“VIEW from the BRIDGE”
Many folks in Fort Benton need help. There are folks who are not able to do simple chores like going to the grocery store. There are seniors that lack the strength to lift or move things. There are young and old alike that may have had surgery and need some assistance.
I know that all of the Churches in town are very helpful to those in need. However, I have been asked to put out feelers about needing an H.E.L.P. program. It was suggested that a volunteer would be asked for an hour or two of assistance. It does not mean a major renovation of your home or other huge projects.
If anyone has suggestions about how this can be organized, please let me know (622-3217 after 2:00 p.m. or 899-1380 after 9:00 a.m. if it is a local call.) We need to be ready for the cold weather when more accidents happen and sickness occurs.
One of the most difficult things to do, for most people, is to ask for help. It is in our nature to think that we can do it ourselves. When you finally admit that you cannot do it, it would be wonderful to call someone who could arrange help for you. I believe this all comes under, “Love thy neighbor.”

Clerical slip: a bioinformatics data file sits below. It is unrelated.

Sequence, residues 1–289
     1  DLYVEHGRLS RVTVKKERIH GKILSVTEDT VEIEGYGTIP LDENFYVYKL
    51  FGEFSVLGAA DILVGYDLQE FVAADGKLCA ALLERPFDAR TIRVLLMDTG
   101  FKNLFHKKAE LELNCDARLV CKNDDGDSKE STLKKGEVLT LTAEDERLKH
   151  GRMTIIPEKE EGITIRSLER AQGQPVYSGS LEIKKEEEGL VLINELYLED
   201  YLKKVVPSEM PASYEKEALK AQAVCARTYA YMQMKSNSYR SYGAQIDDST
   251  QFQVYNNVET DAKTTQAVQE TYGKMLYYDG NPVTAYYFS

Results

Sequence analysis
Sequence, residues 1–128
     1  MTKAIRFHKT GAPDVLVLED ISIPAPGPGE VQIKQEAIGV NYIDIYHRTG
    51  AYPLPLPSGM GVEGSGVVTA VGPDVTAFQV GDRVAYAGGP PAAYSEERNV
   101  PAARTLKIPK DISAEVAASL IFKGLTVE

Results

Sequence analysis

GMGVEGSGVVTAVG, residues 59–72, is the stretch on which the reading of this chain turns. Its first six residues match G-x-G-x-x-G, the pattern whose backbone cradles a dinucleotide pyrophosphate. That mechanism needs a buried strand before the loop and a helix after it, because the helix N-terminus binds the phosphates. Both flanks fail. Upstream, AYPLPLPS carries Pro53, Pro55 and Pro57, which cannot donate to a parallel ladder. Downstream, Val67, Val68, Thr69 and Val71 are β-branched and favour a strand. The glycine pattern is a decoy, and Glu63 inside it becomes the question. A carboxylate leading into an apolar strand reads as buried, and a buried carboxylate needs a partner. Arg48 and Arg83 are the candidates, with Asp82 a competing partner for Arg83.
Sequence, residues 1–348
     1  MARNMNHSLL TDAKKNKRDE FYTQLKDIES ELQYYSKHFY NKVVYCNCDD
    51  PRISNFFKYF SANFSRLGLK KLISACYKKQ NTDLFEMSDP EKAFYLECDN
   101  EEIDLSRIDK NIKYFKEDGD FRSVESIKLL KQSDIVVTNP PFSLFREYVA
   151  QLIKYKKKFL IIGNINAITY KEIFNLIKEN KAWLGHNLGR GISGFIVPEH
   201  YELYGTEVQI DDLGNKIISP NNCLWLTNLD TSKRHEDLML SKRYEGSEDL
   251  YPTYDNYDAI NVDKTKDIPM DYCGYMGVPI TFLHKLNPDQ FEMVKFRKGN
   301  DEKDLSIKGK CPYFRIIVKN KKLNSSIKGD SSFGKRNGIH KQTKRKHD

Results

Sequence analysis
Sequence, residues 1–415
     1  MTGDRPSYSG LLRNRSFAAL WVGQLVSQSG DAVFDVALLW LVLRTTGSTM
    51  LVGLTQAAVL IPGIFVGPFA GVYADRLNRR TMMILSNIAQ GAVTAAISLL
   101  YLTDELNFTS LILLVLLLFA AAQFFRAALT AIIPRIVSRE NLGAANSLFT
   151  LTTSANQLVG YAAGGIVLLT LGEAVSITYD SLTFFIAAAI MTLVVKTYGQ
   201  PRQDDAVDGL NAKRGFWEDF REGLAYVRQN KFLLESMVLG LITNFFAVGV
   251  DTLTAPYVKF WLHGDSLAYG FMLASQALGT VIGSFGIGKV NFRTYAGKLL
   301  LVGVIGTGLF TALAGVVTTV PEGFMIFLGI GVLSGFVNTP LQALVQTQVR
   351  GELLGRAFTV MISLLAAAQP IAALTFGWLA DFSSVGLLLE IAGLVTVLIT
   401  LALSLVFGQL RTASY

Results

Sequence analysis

This past week brought about a huge leap ahead for this project. On Tuesday when I went to the Research Center, I showed the Volunteers a picture that had been brought to me the day before. Hank Armstrong went to the bookshelves and gave me a book that was titled, “The War Years.” There is a picture of the Iwo Jima flag raising on the gray cover and on the bottom it says Chouteau County, Montana.
The publisher, Curtis Media Inc. in 1995, put an ad in the River Press asking for a person from Chouteau County to gather names of Veterans from WWII to publish in a Veterans book. Hank from Geraldine and Linda Knoche from Highwood compiled the list by going to the Chouteau County Courthouse for many hours to check on discharge papers. (They received no acknowledgments for their work and so I give it here. Good job for posterity.) The book lists a surprising number of Veterans and that is 1,080 names. That figure is about 1/5 of the counties population. Some of the old-timers will remember that the Draft Board doubled the number of men because of an error in the system.
Curtis Media Inc. went out of business resulting in the end of communications between the company and Hank and Linda. However, Curtis Media had somehow collected 326 pictures for the book for the publication.